The United Kingdom’s biggest retailer, Tesco, recorded "exceptionally strong" sales but reported a 20% drop in full-year pretax profit as the cost of adapting the business to the government's pandemic measures wiped out sales revenue.
With restaurants and cafes shut for large parts of 2020, the supermarkets in Britain saw a surge in demand as shoppers stocked up on goods to eat at home during lockdowns.
But that rapid shift to serving people online cost 892 million pounds ($1.2 billion) in Britain alone, hitting its bottom line.
The retailer announced a sixfold surge in annual net profits after the supermarket giant exited Asian markets and was allowed to stay open during coronavirus lockdowns.
Profit after tax soared to 6.14 billion pounds in the 12 months to the end of February from 971 million pounds in 2019-2020.
However, profit before tax came in at 825 million pounds, down 19.7% on the year before. At an operating profit retail level, it did however come in above forecasts.
Chief Executive Ken Murphy said Tesco had shown incredible strength and agility.
"While the pandemic is not yet over, we're well-placed to build on the momentum in our business. We have doubled the size of our online business and through (the loyalty) Clubcard, we're building a digital customer platform."
The retailer said that while some of the additional sales volumes would fall away as COVID-19 restrictions ease, it expected a strong recovery in profitability and retail free cash flow as the majority of the pandemic costs would not be repeated.
While uncertainty around a recovery makes it difficult to predict the year ahead, Tesco said its best estimate is that retail operating profit will recover to a similar level as in the 2019-2020 financial year, the year before the pandemic.
It proposed a full-year dividend in line with last year.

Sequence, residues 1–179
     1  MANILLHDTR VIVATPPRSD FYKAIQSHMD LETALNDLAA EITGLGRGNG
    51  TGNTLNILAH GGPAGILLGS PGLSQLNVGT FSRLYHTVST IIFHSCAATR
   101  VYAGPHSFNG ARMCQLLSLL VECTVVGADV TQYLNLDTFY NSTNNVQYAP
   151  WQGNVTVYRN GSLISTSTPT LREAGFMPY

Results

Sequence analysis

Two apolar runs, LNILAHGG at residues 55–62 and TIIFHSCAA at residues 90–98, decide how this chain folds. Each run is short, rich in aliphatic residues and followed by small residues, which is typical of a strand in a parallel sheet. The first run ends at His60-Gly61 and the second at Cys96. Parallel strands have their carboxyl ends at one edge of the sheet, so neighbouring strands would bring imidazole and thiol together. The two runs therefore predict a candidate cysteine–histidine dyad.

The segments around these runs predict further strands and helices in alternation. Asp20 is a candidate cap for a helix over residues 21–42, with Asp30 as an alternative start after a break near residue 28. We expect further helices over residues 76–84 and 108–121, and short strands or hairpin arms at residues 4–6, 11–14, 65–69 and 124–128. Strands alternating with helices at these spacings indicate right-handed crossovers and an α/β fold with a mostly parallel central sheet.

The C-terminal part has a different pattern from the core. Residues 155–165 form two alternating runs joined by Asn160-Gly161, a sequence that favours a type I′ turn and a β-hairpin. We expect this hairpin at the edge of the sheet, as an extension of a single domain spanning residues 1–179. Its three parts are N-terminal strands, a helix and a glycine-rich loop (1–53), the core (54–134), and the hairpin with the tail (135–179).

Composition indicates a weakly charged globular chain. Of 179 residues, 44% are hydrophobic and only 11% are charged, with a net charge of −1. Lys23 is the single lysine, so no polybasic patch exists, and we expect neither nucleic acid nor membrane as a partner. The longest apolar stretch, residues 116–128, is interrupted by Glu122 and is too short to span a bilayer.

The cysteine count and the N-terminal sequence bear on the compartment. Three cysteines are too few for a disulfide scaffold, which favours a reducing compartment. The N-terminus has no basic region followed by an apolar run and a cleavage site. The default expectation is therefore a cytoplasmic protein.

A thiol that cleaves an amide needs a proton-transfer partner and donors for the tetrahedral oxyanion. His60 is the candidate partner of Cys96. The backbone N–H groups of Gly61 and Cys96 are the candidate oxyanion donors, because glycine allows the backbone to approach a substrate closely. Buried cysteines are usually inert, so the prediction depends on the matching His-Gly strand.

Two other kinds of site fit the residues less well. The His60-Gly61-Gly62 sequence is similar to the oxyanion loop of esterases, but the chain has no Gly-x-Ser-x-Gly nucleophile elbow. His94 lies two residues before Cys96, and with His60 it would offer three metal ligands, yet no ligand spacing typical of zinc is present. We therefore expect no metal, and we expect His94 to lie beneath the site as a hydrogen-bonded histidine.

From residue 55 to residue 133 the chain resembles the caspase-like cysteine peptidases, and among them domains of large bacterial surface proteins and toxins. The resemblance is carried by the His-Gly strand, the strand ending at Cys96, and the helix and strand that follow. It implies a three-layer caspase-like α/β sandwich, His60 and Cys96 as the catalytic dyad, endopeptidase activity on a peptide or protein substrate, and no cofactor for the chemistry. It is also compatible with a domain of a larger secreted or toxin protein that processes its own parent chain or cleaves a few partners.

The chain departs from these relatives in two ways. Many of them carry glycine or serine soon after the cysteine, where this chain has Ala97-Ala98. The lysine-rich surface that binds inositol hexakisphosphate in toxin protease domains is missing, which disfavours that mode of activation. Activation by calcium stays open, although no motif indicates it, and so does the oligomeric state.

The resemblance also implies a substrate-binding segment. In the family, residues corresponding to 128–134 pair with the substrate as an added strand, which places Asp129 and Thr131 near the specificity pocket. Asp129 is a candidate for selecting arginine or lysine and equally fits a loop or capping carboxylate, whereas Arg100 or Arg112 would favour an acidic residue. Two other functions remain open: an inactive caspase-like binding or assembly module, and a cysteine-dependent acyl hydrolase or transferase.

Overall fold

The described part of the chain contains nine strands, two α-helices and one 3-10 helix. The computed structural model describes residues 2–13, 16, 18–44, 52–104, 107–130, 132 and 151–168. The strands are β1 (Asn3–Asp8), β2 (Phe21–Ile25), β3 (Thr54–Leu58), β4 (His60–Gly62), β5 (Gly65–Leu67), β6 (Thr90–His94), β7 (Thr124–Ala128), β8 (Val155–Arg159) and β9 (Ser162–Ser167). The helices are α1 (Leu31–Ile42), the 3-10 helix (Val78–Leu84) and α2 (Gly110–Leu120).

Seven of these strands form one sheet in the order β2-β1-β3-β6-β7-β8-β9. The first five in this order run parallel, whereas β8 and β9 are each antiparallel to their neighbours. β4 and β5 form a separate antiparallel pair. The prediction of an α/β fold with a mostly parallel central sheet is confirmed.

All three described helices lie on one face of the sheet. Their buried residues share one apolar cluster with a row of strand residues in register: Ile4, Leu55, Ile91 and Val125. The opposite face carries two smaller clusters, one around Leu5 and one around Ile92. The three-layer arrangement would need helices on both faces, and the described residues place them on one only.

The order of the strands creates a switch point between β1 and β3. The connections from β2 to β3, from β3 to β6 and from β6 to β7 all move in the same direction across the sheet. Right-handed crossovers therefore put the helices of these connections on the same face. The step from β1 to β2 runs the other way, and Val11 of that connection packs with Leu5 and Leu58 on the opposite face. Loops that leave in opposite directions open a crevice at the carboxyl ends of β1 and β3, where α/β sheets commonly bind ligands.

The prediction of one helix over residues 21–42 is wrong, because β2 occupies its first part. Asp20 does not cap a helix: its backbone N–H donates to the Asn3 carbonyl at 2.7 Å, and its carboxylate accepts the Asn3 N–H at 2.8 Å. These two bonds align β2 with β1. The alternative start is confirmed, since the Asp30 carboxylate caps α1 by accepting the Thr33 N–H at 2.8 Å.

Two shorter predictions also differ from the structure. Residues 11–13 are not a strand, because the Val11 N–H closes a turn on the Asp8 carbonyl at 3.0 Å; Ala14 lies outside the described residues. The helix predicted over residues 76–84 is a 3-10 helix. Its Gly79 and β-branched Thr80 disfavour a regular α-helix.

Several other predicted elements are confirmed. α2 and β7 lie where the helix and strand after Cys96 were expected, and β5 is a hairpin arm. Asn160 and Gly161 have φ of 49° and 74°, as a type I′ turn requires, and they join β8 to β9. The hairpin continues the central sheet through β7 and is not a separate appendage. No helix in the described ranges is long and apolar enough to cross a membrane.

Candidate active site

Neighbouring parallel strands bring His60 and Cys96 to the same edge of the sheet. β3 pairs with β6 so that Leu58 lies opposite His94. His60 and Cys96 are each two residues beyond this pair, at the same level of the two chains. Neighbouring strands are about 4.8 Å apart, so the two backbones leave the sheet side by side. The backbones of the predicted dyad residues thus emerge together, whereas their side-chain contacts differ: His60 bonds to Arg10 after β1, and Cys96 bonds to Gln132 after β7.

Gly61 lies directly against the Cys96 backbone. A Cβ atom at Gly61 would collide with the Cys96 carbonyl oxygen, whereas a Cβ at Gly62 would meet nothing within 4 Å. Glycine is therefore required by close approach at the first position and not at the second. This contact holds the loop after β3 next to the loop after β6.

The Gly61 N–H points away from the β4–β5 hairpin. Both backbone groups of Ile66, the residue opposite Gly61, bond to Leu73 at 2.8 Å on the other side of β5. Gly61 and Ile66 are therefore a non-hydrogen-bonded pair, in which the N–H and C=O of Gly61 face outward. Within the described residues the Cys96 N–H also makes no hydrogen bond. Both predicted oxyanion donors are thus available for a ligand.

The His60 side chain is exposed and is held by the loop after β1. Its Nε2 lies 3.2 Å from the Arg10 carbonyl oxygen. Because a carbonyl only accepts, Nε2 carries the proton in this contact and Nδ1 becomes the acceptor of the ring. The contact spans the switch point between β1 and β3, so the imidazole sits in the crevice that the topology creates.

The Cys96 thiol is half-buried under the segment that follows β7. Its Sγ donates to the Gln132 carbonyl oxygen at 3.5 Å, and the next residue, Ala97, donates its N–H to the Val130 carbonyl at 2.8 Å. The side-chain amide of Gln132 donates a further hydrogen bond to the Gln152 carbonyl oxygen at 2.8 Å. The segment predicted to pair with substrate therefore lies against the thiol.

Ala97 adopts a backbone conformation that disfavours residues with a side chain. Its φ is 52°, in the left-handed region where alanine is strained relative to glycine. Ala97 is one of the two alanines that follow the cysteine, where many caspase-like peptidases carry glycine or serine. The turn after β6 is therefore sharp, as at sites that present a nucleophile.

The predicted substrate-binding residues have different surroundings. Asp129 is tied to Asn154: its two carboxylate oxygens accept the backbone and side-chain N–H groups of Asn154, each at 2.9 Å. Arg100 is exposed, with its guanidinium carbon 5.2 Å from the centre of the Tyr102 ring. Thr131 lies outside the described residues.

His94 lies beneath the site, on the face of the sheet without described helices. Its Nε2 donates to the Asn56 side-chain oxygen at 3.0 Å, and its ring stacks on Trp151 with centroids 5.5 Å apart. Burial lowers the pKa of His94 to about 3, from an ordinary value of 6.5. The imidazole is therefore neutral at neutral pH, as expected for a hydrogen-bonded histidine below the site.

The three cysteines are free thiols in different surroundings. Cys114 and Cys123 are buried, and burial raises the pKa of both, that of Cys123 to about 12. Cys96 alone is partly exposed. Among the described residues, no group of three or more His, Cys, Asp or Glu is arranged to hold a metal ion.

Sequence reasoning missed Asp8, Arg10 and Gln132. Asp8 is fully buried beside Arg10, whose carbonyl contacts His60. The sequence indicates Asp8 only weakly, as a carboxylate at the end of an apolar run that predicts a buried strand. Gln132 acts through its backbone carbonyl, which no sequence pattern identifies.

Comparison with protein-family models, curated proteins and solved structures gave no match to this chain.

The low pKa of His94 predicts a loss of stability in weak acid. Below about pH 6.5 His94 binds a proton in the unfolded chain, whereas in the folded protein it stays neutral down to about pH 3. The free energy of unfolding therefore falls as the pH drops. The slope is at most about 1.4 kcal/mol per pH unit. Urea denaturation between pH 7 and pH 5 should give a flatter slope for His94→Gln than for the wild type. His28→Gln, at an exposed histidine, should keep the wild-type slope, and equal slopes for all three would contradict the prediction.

"In terms of the outlook Tesco said it expects sales volumes to decline as lockdown restrictions ease, however, costs are also expected to decline as well," noted Michael Hewson, chief market analyst at CMC Markets U.K.
"This should translate into better margins, and an increase in profits (excluding exceptional), which should head back to the levels seen last year."
In early trading following the update, Tesco shares were down almost 4% to 223 pence on London's FTSE 100 index, which was flat overall.
As the pandemic began to take hold in March 2020, Tesco struck a deal to sell its businesses in Thailand and Malaysia to Thai conglomerate CP Group for 8 billion pounds, which massively skewed its annual performance.
The transactions, agreed under previous CEO Dave Lewis, were aimed at slashing debt and streamlining the group, enabling a stronger focus on U.K., Irish and central European activities.
Tesco's three major U.K. rivals – Sainsbury's, Asda and Morrisons – have all enjoyed strong sales over the last year, with coronavirus restrictions forcing many people to work from home.
However, they have also had to endure the costs of additional workers, staff sick pay and in-store measures to deal with the pandemic, which has dented profits.
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